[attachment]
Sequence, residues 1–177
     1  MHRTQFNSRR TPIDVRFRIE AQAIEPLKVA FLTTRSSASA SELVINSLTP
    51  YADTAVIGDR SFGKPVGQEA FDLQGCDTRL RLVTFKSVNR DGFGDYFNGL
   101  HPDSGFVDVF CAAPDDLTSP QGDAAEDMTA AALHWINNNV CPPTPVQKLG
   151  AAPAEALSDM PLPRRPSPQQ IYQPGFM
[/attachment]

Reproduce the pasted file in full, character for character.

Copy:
Sequence, residues 1–177
     1  MHRTQFNSRR TPIDVRFRIE AQAIEPLKVA FLTTRSSASA SELVINSLTP
    51  YADTAVIGDR SFGKPVGQEA FDLQGCDTRL RLVTFKSVNR DGFGDYFNGL
   101  HPDSGFVDVF CAAPDDLTSP QGDAAEDMTA AALHWINNNV CPPTPVQKLG
   151  AAPAEALSDM PLPRRPSPQQ IYQPGFM